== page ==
July 21, 2024

World leaders are “gambling with their children’s and grandchildren’s health and well-being” by failing to prepare for a future pandemic, a new report warns.

Amid rising cases of H5N1 bird flu in mammals, and a pocks outbreak in central Africa, two senior stateswomen said the lack of preparation had left the world vulnerable to “devastation”.

Helen Clark, former prime minister of New Zealand, and Ellen Johnson Sirleaf, former president of Liberia, were co-chairs of the Independent Panel for Pandemic Preparedness and Responsewhich was set up by the World Health Organization (WHO) in 2020.

At a World Health Assembly in May 2021, the panel outlined a series of recommendations to change how the world tackled pandemic threats and avoid mistakes made during the Covid-19 response.

Today, they said that at the current rate of preparation, the world is likely to be overwhelmed by any new pandemic threat.

“This is not the time to gamble. Inaction is a dangerous political choice,” they said in a new reportaccusing leaders of shifting focus “to more politically pressing issues”.

The three years since their first recommendations is “a dangerously long time to leave gaping holes in the national, regional and international systems meant to protect 8 billion people”, they said

The H5N1 bird flu outbreak, which is affecting increasing numbers of mammals, including dairy cattle in the US, “signals an influenza pandemic that the world is nowhere near ready to manage”, the report warned.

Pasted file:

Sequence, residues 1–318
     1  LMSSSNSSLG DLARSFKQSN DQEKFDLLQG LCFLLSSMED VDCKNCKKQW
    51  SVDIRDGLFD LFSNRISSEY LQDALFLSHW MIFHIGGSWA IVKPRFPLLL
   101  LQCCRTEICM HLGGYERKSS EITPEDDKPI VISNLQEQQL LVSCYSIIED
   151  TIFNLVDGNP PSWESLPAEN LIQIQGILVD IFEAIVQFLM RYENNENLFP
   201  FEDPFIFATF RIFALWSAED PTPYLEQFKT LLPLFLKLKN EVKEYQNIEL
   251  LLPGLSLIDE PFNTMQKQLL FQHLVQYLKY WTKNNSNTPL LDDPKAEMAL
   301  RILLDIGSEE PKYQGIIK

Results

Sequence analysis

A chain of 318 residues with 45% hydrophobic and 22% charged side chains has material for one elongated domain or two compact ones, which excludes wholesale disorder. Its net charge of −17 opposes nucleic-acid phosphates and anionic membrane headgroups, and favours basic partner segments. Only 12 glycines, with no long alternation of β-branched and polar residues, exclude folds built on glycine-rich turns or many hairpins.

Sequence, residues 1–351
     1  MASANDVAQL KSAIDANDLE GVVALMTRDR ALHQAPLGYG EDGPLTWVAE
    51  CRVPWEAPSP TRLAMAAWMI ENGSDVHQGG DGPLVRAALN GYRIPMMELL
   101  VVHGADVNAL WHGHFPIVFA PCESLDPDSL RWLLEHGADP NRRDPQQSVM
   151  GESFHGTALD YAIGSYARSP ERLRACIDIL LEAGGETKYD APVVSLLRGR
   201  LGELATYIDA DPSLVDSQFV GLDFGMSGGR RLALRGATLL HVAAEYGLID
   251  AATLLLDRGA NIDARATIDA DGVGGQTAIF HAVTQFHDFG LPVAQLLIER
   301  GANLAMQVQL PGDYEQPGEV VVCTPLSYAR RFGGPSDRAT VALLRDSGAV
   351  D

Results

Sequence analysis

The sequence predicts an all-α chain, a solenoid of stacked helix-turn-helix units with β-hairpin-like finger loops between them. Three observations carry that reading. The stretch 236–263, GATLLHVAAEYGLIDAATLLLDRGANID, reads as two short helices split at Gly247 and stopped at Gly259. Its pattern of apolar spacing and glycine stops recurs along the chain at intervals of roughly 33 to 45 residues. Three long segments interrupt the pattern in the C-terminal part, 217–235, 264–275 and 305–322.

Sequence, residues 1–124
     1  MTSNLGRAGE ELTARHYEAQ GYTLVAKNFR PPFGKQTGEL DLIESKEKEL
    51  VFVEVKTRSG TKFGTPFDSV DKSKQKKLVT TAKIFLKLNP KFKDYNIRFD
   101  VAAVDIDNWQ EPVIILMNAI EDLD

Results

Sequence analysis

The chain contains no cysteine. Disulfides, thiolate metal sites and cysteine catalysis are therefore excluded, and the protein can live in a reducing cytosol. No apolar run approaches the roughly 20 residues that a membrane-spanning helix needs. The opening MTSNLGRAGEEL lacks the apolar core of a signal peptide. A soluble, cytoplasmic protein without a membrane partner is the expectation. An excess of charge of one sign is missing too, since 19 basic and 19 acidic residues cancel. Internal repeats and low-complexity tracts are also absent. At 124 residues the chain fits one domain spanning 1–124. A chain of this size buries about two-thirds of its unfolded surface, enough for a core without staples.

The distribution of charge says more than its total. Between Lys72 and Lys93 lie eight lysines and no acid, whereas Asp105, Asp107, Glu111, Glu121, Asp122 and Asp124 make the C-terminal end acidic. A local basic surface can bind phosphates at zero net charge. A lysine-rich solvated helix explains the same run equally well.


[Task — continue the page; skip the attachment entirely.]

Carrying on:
Meanwhile, a new deadly form of pocks has resulted in children dying in the Democratic Republic of the Congo, where there is little or no access to testing access to vaccines.

“The worst could be around the corner – these should be seen as canaries in the mine,” Clark said. “We must be prepared for something that can happen at any time and re-energize leaders to get the right arrangements in place globally and nationally.”

The report warns of a lack of effective systems that low- and middle-income countries can rely on for access to drugs and vaccines in the event of a new pandemic.

Surveillance systems lack rigor, and there is “a dangerous gap in trust between countries, within countries and within communities”. International financing is insufficient, and countries struggling with debt and high interest rates do not invest enough domestically.

There has been some progress, the report notes, such as agreement earlier this month to amend International Health Regulations to improve the speed at which information is shared, and to formalize the definition of a pandemic emergency.

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However, Clark said these changes needed to be fully implemented, and called for more transparency about countries’ preparedness levels, an independent monitoring body and a formal group of world leaders working on pandemic prevention. Changes to the structure of the WHO may be needed, she suggested.

She said: “The funds now available pale in comparison to the needs, and high-income countries cling too tightly to traditional charity-based approaches to equity.

“The pandemic agreement is essential and must succeed, but it has still to be agreed. In short, if there was a pandemic threat today – like if H5N1 started spreading from person to person – the world would likely be overwhelmed again.”

“There were lessons to learn Ebola in West Africa,” said Johnson Sirleaf. “Only five years later, after they did not apply those lessons, there were again lessons to be learned from Covid. There is no need to keep learning. Instead of gambling, leaders can make practical decisions and apply those lessons.”

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